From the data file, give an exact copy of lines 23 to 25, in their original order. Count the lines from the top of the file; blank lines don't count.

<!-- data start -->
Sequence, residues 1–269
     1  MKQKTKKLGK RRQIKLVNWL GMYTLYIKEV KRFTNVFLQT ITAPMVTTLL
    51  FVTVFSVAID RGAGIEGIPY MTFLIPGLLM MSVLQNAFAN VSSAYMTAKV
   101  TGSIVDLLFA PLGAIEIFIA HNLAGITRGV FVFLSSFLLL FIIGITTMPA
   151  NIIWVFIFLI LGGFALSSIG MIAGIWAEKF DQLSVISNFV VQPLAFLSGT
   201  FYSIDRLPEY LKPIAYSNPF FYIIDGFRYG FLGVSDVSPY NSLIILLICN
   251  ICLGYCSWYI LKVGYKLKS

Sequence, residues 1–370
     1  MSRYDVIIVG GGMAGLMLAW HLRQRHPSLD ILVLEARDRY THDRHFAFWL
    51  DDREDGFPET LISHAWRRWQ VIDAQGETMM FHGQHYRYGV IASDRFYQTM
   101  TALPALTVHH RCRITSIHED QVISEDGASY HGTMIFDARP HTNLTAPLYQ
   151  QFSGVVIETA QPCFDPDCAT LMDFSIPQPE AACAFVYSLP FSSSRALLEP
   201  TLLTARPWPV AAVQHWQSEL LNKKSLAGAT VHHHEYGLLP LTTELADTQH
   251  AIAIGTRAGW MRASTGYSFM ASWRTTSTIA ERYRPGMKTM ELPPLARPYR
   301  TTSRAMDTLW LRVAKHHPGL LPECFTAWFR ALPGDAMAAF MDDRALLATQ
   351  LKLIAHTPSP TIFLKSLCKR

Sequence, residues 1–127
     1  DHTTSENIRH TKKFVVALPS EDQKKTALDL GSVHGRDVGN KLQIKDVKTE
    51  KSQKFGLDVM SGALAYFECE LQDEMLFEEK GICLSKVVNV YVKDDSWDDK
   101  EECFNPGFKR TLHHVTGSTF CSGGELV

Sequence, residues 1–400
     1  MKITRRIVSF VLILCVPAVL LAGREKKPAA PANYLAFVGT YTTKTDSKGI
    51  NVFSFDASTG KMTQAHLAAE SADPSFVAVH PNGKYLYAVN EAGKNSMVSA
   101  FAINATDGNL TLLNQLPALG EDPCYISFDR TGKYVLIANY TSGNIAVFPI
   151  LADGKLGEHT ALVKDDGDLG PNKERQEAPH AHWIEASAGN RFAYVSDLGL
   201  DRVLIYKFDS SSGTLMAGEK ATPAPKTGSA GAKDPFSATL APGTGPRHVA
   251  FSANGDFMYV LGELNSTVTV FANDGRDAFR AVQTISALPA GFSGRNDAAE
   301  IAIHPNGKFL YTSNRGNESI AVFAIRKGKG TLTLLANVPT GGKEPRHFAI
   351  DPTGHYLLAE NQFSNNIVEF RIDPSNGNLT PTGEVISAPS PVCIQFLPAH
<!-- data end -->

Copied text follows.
    51  NVFSFDASTG KMTQAHLAAE SADPSFVAVH PNGKYLYAVN EAGKNSMVSA
   101  FAINATDGNL TLLNQLPALG EDPCYISFDR TGKYVLIANY TSGNIAVFPI
   151  LADGKLGEHT ALVKDDGDLG PNKERQEAPH AHWIEASAGN RFAYVSDLGL